The Trump Administration owes its electoral success to a combination of the farm states and many of the manufacturing, so-called rust belt states. And it has set itself an enormous challenge. The label on that challenge is China. The trick will be to give China a run for its money where manufacturing is concerned while not just holding on to but growing the Chinese market for products like Iowa's pork and soybeans.

It is not impossible. For years, the American consumer provided the fuel for the engine of the Chinese economy. Now Chinese consumers can do that for themselves.  That is,  they can do it for the Chinese economy, and they can do it for other economies as well. In short, we may be in for a rough ride on trade, but we are not dealing with insoluble problems. To repeat an old saw: trade is not a zero-sum game; not at all.

The Other Issues. Managing the other things, however - the growing territorial tensions, the South China Sea, Taiwan, the sabre rattling (including the dangerous behavior of North Korea) - they are the wild cards in the relationship. And they are likely to be the topics of Ambassador Branstad's most difficult conversations in 2017 and beyond.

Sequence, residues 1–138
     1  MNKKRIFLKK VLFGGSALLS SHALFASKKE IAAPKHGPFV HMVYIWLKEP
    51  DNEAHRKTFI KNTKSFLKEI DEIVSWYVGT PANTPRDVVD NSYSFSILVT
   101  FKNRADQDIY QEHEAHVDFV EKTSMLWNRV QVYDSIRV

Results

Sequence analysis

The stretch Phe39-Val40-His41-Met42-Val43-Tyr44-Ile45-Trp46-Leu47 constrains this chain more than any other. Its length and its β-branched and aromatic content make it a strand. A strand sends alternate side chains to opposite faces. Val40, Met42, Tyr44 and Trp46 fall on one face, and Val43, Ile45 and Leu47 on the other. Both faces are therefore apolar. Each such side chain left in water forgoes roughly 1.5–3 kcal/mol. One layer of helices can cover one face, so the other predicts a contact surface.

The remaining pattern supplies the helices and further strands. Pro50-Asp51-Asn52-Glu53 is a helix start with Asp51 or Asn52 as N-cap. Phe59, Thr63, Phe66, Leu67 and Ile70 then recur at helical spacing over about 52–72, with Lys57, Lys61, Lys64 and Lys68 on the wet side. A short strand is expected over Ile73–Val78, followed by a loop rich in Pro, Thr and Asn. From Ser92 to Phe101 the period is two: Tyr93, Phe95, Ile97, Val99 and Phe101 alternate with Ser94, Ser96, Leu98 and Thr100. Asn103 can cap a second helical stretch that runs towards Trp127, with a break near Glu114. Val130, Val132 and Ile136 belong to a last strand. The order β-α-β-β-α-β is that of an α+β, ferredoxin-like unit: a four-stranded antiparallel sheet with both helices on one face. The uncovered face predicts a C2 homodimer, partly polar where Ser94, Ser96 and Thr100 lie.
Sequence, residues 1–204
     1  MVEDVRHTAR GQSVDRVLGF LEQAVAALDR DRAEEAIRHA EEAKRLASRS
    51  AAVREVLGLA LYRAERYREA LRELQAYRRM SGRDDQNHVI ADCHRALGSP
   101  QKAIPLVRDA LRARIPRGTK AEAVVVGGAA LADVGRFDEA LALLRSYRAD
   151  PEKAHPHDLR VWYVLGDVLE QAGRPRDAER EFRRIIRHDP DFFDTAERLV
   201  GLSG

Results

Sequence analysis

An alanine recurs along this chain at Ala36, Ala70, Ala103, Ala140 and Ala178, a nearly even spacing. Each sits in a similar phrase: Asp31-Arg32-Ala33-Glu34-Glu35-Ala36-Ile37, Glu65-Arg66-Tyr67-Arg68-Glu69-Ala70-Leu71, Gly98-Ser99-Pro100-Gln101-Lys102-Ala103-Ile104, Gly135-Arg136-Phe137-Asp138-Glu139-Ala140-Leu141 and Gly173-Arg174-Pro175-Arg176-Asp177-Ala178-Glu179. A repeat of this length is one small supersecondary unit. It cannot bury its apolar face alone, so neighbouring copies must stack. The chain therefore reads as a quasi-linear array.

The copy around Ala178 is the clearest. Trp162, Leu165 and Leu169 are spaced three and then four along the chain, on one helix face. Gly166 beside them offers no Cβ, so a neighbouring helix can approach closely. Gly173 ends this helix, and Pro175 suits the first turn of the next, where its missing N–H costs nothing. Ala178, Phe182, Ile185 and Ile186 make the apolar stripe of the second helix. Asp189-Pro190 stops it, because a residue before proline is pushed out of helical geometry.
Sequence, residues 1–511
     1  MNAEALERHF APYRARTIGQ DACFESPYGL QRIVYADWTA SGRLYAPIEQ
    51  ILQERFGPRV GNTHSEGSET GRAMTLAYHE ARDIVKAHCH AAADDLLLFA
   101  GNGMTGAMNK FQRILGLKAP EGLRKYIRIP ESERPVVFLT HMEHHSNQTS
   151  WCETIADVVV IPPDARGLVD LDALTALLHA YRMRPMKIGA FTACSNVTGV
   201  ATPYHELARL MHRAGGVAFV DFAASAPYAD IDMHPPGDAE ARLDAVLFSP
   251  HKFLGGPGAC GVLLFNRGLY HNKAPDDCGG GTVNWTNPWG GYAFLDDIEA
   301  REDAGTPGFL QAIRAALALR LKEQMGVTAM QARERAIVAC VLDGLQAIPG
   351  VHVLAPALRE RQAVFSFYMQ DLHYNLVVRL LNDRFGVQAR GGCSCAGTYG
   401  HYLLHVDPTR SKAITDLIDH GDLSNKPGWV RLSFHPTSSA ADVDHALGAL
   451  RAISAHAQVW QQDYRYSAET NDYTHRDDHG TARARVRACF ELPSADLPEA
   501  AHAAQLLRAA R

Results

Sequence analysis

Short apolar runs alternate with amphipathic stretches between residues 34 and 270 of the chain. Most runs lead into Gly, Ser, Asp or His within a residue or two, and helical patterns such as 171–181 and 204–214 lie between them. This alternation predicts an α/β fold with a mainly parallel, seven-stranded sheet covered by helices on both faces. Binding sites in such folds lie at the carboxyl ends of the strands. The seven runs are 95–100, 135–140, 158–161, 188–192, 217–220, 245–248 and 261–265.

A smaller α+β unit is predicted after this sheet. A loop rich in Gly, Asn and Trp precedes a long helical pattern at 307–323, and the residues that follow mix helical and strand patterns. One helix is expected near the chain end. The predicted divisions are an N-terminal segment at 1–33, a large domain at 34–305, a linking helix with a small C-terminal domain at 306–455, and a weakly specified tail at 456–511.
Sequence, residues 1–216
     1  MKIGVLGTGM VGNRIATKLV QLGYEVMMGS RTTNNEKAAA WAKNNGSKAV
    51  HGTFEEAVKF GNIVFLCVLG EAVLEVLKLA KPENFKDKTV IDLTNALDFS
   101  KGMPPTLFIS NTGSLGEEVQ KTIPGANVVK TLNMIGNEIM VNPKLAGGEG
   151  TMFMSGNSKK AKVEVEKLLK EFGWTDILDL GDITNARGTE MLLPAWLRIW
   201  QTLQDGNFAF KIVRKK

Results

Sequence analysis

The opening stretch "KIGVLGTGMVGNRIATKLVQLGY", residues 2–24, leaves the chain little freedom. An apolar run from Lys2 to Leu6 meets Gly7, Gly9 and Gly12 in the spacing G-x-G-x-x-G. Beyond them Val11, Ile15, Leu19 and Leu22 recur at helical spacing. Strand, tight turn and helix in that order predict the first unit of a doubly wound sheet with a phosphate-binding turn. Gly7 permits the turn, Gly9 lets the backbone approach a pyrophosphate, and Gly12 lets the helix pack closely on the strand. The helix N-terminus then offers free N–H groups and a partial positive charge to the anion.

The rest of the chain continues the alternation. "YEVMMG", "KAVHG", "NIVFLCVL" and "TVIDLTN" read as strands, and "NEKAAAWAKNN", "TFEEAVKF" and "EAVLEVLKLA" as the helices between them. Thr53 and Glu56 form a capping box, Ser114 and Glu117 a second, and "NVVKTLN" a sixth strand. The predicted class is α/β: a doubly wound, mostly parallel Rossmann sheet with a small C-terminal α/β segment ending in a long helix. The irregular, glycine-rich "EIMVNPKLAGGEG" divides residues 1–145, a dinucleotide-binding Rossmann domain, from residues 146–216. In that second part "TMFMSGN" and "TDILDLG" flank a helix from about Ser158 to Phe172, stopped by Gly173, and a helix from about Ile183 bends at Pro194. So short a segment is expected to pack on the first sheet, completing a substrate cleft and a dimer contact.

Unsought Advice. But this chronicle is about trade, and so we'll come back to trade with our two cents worth on two related issues. President-elect Trump's determination to re-energize American manufacturing is laudable, and we hope it works. We doubt, however, that making China's currency - the value of the RMB - the centerpiece of the argument will do much for the cause. Does the United States really seek a world in which China can get more for less in the U.S., while Americans have to pay more for what they buy from China and the world. The dollar is strong now, and so that danger seems remote, but, to coin a phrase, things change.